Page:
Fenner is the world's biggest maker of industrial conveyor belts. These are used by mining, power and construction companies. The business has thrived on the back of strong global demand for coal and iron ore. North America and Australia are its key markets. Through its conveyor belt division, Fenner Dunlop, the company also provides customers with servicing, maintenance and diagnostic services.
The Advanced Engineered Products (AEP) division is focused on niche products that solve its customers' problems. These include high integrity seals for oil and gas companies, textile components for medical implants, precision products for office equipment and hoses for diesel engines.
Joseph Henry Fenner set up the company in 1861. Based in Hull, he began selling leather products, such as hoses and belts. After Joseph's death in 1886 the business was taken over by his two sons. The firm grew fast and by the early 20th century it had developed a thriving export business.
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During the 1930s, Fenner capitalised on the move to rubber V-belts for power transmission. But it wasn't until the 1950s that it entered the conveyor belt market. Continuing along its path of growth, it spent the next 30 years diversifying into other businesses while building scale in conveyor belting.
During the last decade Fenner has been transformed. It became the world leader in heavyweight conveyor belting after buying Unipoly Enerka in 2001. The acquisition gave it the famous Dunlop brand and a strong position with leading mining and industrial firms.
Under the leadership of Mark Abrahams, Fenner diversified away from the cyclical conveyor belt market into high growth, value added, niche businesses. In conveyor belting, it has invested in new manufacturing plants, enhancing its competitive position.
It has also bought conveyor belt service companies to grow its share of lucrative servicing and maintenance work. Smart business decisions and a commodities boom have seen profits soar. During the last ten years, operating profits have increased from £16.6m to £91.4m.
The chief executive
Nicholas Hobson has been CEO since March 2011. An engineer by background, he has worked for Fenner for over 20 years. During that time he successfully ran Fenner's Fluid Power business before it was sold. More recently, he has been head of the group's AEP business. He was paid £407,000 in 2011.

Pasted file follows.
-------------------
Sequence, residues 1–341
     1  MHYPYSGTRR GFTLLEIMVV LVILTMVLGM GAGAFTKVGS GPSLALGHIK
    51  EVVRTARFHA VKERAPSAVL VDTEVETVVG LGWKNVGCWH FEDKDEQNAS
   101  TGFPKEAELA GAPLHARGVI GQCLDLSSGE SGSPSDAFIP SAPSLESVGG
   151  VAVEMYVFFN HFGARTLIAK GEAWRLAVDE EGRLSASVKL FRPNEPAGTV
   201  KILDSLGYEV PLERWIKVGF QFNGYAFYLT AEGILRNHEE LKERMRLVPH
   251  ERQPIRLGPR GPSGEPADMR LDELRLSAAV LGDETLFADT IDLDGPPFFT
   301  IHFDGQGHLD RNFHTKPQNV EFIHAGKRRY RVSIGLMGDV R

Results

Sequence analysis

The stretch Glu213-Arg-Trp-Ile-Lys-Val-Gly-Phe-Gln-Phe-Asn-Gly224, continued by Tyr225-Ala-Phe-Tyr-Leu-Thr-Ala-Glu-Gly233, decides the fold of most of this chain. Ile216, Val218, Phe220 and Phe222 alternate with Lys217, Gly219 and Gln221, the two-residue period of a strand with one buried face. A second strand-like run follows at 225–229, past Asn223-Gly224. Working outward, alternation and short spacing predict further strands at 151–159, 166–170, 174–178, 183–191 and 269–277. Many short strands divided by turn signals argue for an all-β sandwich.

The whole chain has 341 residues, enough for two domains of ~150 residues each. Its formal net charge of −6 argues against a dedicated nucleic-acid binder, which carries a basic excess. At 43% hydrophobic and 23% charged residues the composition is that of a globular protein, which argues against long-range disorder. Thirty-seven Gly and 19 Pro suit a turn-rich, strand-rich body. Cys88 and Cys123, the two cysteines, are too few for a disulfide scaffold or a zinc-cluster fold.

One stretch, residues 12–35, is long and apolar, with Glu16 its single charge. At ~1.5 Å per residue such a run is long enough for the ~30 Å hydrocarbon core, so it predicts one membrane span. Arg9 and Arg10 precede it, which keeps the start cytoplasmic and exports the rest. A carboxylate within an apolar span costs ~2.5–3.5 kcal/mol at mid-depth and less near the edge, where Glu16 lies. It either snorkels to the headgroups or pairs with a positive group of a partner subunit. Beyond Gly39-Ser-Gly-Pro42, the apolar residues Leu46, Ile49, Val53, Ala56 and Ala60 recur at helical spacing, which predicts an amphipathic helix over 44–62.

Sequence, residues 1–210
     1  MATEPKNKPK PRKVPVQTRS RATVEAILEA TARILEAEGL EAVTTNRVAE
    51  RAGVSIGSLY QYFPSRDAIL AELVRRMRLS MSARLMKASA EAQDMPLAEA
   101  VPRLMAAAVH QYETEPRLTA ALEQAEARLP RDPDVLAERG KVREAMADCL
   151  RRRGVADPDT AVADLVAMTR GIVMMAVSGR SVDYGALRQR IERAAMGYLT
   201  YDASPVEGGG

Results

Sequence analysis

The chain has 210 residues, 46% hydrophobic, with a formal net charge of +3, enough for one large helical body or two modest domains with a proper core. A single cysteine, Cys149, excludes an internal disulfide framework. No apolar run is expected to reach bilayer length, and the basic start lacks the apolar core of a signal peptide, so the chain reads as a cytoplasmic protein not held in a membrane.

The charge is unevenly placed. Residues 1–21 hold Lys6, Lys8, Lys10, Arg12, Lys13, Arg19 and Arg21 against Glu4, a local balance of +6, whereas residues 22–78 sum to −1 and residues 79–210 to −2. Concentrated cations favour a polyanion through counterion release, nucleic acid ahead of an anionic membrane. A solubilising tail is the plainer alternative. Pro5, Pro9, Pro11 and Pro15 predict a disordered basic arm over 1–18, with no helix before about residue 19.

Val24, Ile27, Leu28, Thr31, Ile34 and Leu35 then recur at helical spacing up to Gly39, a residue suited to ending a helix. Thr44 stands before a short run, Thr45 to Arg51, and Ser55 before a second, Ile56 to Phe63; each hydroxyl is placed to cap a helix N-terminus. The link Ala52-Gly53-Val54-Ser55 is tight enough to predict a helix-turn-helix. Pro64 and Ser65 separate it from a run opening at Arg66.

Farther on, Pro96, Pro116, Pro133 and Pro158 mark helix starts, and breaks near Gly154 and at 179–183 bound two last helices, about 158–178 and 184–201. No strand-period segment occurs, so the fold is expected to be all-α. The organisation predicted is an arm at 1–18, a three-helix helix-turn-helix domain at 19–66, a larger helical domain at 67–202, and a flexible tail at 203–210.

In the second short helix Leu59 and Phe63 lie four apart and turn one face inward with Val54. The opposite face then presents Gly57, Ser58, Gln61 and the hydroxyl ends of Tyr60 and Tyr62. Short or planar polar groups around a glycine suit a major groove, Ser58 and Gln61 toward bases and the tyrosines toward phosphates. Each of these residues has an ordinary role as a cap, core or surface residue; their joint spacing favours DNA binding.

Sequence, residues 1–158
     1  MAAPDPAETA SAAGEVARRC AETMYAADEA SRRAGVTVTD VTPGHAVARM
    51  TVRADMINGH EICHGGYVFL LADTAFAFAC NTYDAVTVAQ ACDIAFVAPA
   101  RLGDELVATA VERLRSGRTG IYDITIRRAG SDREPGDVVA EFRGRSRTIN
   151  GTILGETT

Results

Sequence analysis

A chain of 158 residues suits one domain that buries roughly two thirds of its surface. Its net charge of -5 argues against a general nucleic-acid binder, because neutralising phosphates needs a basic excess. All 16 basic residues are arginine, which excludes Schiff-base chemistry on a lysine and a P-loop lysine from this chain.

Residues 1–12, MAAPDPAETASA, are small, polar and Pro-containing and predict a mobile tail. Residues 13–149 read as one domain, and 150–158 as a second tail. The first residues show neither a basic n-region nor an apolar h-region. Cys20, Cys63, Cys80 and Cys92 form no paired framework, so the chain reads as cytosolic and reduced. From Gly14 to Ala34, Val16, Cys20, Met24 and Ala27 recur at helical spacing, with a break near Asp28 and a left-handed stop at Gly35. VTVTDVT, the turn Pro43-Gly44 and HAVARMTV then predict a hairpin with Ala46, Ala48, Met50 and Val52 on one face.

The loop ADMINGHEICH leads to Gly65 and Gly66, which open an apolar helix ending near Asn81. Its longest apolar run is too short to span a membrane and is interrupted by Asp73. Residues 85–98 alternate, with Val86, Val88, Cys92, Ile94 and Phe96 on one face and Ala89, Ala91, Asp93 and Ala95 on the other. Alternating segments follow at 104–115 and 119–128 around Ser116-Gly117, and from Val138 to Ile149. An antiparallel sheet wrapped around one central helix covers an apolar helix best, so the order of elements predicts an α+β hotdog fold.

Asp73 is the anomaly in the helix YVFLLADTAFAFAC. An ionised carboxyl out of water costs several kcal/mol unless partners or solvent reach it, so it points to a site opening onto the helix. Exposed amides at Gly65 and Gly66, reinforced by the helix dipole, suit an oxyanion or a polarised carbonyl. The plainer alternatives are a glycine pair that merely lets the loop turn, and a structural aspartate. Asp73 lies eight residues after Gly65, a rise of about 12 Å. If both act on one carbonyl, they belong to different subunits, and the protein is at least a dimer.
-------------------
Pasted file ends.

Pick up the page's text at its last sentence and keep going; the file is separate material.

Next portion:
Why you should buy the shares
One word: growth. Fenner is well placed to exploit many global growth trends. The conveyor belt business should benefit from strong demand for coal and iron ore. Buoyant energy markets are boosting its seals business, while ageing populations support the medical devices market. Rising emissions standards also play to the strengths of Fenner's diesel hose business.
On top of that, Fenner's businesses have strong competitive advantages. Its conveyor belts offer customers low operating costs. Many of its niche products are great at solving specific customer problems. They are also very difficult to copy.
Fenner's shares are not at bargain-basement levels. They don't deserve to be. With strong end markets, many of its investments have yet to pay off fully. Its AEP division also makes the company less exposed to economic downturns. City analysts expect profits to grow by 16% this year and 10% next year. The company is only paying out 30% of its profits in dividends, but strong cash generation gives scope for this to increase. For those prepared to take a long-term view, the shares look well worth tucking away.
Stockmarket code: FENR
Share price: 455p
Market cap: £880m
Net assets (Aug 2011): £301.5m
Net debt (Aug 2011): £101.8m
P/e (Current year estimate): 13.9x
Yield (prospective): 2.0%
What the analysts say
Average price target: 486p
M Abrahams: 690,485
N Hobson: 214,677
R Perry: 567,000
Phil spent 13 years as an investment analyst for both stockbroking and fund management companies.
After graduating with a MSc in International Banking, Economics & Finance from Liverpool Business School in 1996, Phil went to work for BWD Rensburg, a Liverpool based investment manager. In 2001, he joined ABN AMRO as a transport analyst. After a brief spell as a food retail analyst, he spent five years with ABN's very successful UK Smaller Companies team where he covered engineering, transport and support services stocks.
In 2007, Phil joined Halbis Capital Management as a European equities analyst. He began writing for Moneyweek in 2010.
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